. . . the shoplifting case at Gibson’s was grabbed by the students as their symbolic protest expression of how they hated the world because of who was now president.

Instead of realizing that college students often do emotional and stupid things – especially when politics are involved – the Oberlin College administration added fuel to the fire. This is what the school president, Marvin Krislov, and dean of students, Meredith Raimondo, sent to students while the protests were still going on.

“This has been a difficult few days for our community, not simply because of the events at Gibson’s Bakery, but because of the fears and concerns that many are feeling in response to the outcome of the presidential election. We write foremost to acknowledge the pain and sadness that many of you are experiencing. We want you to know that the administration, faculty, and staff are here to support you as we work through this moment together.”

If that letter was not dumb enough, as the jury expertly could see, the school didn’t listen to the smart ones among them. There were plenty of the Oberlin College and community elders who were telling them that how they were handling this student protest was “dumb” and making them “furious.”

This is perhaps the most important. A university, which is supposed to value intelligence and experience and those who pay attention to the bigger picture, did not listen to those folks at all. From my perspective — after hearing this stuff non-stop since April in court — this was the average-Joe, real common-sense rejection idiocy that the jury found Oberlin College was guilty of.

The LI article gives quotes from deposition made by people, some associated with the College, who thought that the institution’s actions were way out of line. The article suggests that the disparity between the local jury (none of whom were Oberlin grads) and the “elite” college may have led to the guilty finding and the large award. Perhaps that was the case, but it could also be construed as a woke college, completely out of touch with common sense, punishing an innocent business to prop up its social-justice credibility.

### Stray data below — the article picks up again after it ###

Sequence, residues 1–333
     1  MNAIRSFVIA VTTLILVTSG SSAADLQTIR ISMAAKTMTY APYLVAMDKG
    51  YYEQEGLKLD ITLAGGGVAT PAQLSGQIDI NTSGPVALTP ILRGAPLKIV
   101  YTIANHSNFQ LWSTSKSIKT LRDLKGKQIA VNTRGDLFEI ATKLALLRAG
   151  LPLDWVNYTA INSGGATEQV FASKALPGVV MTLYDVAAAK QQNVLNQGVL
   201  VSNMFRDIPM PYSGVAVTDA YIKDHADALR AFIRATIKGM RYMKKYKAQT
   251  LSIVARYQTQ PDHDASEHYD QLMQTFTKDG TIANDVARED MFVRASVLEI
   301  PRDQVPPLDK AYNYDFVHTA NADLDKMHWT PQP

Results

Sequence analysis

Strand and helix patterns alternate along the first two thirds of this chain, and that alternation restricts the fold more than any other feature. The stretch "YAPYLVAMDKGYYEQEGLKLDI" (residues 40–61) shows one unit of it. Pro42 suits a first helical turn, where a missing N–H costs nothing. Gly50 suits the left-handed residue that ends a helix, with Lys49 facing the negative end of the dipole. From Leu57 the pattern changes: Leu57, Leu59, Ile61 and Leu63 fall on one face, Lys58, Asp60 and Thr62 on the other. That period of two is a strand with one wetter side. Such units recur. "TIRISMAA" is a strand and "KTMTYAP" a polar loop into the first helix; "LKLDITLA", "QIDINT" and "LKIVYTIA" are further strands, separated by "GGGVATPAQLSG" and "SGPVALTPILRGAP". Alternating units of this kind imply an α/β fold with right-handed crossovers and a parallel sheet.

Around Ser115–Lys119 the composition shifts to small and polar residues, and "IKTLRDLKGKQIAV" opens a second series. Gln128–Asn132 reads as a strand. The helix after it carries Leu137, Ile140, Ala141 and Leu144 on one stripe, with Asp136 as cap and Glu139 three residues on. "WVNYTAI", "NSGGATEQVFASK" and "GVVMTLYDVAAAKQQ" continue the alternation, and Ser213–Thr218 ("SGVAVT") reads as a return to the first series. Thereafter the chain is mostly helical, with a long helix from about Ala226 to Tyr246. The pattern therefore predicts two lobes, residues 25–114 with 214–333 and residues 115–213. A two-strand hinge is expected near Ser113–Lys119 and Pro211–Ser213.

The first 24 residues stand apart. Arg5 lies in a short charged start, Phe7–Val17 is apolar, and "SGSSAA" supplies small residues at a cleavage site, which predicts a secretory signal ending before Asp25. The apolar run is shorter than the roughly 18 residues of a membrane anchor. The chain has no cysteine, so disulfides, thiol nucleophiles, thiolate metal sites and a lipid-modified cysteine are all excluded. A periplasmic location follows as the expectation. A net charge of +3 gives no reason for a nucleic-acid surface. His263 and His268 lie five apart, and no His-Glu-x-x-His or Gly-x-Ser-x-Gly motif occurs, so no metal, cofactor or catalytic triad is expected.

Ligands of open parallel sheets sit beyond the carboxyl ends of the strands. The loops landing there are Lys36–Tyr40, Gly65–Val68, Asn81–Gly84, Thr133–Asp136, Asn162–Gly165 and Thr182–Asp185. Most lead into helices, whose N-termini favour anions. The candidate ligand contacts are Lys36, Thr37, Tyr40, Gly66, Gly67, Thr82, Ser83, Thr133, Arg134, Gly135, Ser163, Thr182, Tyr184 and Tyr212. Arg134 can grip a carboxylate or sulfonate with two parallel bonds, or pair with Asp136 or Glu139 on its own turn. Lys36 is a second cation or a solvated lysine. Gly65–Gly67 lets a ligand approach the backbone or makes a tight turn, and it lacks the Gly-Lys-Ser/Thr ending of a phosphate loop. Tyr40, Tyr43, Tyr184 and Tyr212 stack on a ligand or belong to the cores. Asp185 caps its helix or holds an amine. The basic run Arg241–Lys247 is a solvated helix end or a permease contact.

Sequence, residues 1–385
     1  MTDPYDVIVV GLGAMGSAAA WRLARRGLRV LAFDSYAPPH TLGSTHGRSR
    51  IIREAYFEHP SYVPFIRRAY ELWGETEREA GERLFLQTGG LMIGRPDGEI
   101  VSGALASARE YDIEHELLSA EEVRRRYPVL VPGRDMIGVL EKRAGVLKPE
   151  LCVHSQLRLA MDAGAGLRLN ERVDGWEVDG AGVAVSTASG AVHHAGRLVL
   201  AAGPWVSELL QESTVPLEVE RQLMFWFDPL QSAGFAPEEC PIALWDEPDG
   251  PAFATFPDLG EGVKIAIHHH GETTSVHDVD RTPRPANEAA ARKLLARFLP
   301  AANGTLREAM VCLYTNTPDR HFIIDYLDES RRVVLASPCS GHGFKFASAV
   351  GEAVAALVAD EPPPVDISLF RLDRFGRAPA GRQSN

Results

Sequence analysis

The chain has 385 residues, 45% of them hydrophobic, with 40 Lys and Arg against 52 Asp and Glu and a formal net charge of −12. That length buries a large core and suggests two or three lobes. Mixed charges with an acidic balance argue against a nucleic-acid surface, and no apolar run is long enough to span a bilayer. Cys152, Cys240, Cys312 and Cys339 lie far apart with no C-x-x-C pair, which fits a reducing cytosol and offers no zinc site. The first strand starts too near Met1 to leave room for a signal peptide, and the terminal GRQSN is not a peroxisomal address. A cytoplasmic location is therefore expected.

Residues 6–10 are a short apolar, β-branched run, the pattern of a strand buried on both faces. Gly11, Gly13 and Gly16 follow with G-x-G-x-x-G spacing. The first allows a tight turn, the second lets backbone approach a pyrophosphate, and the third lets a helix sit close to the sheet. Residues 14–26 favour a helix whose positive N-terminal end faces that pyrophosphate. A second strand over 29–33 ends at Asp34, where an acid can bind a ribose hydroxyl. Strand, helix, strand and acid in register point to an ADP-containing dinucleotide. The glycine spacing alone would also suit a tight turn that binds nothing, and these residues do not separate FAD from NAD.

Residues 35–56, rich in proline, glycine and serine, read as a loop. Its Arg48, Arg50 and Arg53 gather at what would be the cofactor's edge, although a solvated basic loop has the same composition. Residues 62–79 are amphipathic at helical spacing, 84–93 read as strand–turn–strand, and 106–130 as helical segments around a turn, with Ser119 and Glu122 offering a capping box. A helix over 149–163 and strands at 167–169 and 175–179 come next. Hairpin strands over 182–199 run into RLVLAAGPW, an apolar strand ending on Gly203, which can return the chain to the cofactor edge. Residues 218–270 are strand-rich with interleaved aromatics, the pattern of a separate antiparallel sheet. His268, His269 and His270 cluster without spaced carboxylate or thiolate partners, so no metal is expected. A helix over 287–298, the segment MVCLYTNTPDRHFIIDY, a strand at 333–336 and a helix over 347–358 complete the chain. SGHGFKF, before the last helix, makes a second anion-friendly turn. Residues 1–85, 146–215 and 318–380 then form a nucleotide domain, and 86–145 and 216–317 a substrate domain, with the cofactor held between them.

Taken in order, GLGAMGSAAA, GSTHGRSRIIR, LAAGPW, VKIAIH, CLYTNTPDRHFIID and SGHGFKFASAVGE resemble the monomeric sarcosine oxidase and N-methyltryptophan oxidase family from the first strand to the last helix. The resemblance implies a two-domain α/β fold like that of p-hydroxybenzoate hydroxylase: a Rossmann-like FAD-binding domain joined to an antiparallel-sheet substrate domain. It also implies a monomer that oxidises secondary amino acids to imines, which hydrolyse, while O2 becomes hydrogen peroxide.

Whatever happened, Oberlin is out of pocket big time. And, like Evergreen State, it’s going to lose students as well as money.

38 thoughts on “When college virtue signaling goes too far: Oberlin fined $11 million for defaming a local bakery

  1. If you got into Oberlin, you should be smart enough to know that you don’t still wine from a local business because you don’t like the way a national election is going. And then to punish the business for prosecuting students who are acting like petty criminals — it seems like these kids are never going to learn anything.

      1. Pertinent point.
        Stealing wine from a shop to ‘punish’ a business is still stealing.
        Regardless of whether the bakery owners were Trump supporters (it is not mentioned, but I presume), that does in no imaginable way excuse stealing. The Oberlin admin was wrong, spineless and asinine to support and excuse, instead pf cracking down on, the uncalled for mobbing by their students.

      1. That phrase is pretty ridiculous though, at least as commonly used.

        All it takes is the appearance of a woman in a superhero movie, the presence of minorities in Star Wars, a lesbian kiss in a mainstream video-game…and the ‘get woke go broke’ cry goes up, almost in apotropaic desperation.

        And then if the film/tv show/game/pair of Nike trainers does brilliantly, and actually breaks sales records, that phrase is put on the backburner until the next time it can be pulled out and used, more in hope than expectation.

    1. I hate it when insurance companies try to wriggle out of their duty, but here they do have a point.

  2. How often do we equate stupid and college in the same sentence. Think before going out on a limb to protect the quilty. To brush up on your legal knowledge I recommend a book by Preet Bharara, Doing Justice.